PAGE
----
As corporations look to gain an edge, they're throwing away the tired old model of flinging money at traditional management consultants and instead are looking to improvisers to teach their employees to think with empathy and creativity.
At Goop, the lifestyle magazine famously founded by Gwynneth Paltrow, CEO Lisa Gersh leads her teams using improv techniques. In an interview with the New York Times, Gersh describes how taking an improv class led to her rethinking the way she runs meetings, divides focused and collaborative time and gains buy-in from executives.
This article describes how Palantir, a secretive data-science company in Silicon Valley, uses improv to craft its corporate culture. The article fascinatingly connects the dots of Palantir's culture (flat hierarchy, small teams and a fanatical devotion to the work at hand) to the rules of improv ("yes, and", a focus on "status transactions" and always deferring individual recognition for the good of the group). The author presents this case study as an example of how improv can be used, for better or for worse, as a cultural glue that helps to retain and motivate employees.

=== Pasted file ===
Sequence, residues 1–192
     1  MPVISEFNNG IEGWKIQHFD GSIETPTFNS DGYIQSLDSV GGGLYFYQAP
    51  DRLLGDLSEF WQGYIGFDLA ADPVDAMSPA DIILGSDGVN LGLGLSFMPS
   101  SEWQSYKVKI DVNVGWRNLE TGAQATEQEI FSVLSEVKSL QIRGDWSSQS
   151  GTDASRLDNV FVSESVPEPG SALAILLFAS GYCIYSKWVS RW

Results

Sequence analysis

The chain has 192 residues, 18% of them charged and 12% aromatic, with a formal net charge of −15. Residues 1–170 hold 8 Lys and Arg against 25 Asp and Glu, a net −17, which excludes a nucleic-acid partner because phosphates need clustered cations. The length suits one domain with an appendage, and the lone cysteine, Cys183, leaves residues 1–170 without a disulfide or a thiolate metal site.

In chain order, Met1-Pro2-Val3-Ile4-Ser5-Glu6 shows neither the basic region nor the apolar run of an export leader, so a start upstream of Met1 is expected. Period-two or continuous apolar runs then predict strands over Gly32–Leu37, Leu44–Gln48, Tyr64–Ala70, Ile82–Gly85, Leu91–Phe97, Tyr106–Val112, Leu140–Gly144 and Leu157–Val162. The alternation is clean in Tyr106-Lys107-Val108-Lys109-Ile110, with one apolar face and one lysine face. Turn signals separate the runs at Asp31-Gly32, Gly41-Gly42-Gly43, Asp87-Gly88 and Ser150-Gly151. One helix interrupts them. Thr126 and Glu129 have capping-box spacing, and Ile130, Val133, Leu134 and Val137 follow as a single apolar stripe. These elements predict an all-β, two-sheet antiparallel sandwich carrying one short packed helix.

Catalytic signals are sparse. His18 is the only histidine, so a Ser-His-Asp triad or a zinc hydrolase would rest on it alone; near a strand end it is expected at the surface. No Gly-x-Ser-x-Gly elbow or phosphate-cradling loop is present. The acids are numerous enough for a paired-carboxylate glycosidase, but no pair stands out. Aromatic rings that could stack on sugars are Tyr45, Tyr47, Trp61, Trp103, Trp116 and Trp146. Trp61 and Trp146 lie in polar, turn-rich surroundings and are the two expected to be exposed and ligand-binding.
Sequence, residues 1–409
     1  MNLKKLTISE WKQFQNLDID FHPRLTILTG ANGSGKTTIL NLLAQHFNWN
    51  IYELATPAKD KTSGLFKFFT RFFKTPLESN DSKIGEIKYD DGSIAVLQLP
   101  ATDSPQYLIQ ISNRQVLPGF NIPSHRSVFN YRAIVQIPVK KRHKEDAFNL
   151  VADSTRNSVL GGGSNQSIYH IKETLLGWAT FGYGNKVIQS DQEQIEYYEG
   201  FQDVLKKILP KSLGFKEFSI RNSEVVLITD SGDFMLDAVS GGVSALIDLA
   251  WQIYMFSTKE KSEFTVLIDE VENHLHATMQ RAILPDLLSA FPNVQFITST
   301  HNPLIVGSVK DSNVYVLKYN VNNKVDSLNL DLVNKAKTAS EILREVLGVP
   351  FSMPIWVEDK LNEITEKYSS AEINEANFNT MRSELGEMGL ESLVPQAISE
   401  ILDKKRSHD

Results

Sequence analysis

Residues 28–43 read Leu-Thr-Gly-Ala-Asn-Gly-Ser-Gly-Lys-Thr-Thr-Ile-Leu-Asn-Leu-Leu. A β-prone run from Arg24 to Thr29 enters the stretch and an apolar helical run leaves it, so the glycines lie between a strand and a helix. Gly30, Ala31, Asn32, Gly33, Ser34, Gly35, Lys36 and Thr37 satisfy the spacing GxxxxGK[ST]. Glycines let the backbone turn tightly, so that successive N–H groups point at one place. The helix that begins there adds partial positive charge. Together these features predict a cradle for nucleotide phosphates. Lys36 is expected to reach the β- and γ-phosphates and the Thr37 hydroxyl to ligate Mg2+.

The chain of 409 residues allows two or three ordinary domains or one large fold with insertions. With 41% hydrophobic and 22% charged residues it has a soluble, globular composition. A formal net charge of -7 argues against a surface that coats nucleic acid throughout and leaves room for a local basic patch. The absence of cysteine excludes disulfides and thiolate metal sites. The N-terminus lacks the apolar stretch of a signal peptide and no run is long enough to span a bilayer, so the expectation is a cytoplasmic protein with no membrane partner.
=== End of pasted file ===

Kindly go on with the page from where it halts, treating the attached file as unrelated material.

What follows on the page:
Also mentioned in this article is Keith Johnstone's "Impro", a must-read for anyone looking to delver deeper into the inner workings of improvisation on stage.
Mid career professionals have a wealth of experiences from which to draw from. Many executive MBA programs are now leveraging improv training to help teach how discomfort and the experience of failure can be used as a training tool.